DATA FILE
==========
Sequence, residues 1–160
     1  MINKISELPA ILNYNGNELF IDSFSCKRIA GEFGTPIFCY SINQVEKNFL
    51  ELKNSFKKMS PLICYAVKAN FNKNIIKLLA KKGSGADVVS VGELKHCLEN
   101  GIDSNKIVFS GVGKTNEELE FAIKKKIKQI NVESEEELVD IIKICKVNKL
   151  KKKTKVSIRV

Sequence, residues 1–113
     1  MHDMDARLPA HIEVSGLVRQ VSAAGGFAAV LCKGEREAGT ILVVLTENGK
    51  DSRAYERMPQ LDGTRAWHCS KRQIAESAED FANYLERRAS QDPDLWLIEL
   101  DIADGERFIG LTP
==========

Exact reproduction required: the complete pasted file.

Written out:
Sequence, residues 1–160
     1  MINKISELPA ILNYNGNELF IDSFSCKRIA GEFGTPIFCY SINQVEKNFL
    51  ELKNSFKKMS PLICYAVKAN FNKNIIKLLA KKGSGADVVS VGELKHCLEN
   101  GIDSNKIVFS GVGKTNEELE FAIKKKIKQI NVESEEELVD IIKICKVNKL
   151  KKKTKVSIRV

Sequence, residues 1–113
     1  MHDMDARLPA HIEVSGLVRQ VSAAGGFAAV LCKGEREAGT ILVVLTENGK
    51  DSRAYERMPQ LDGTRAWHCS KRQIAESAED FANYLERRAS QDPDLWLIEL
   101  DIADGERFIG LTP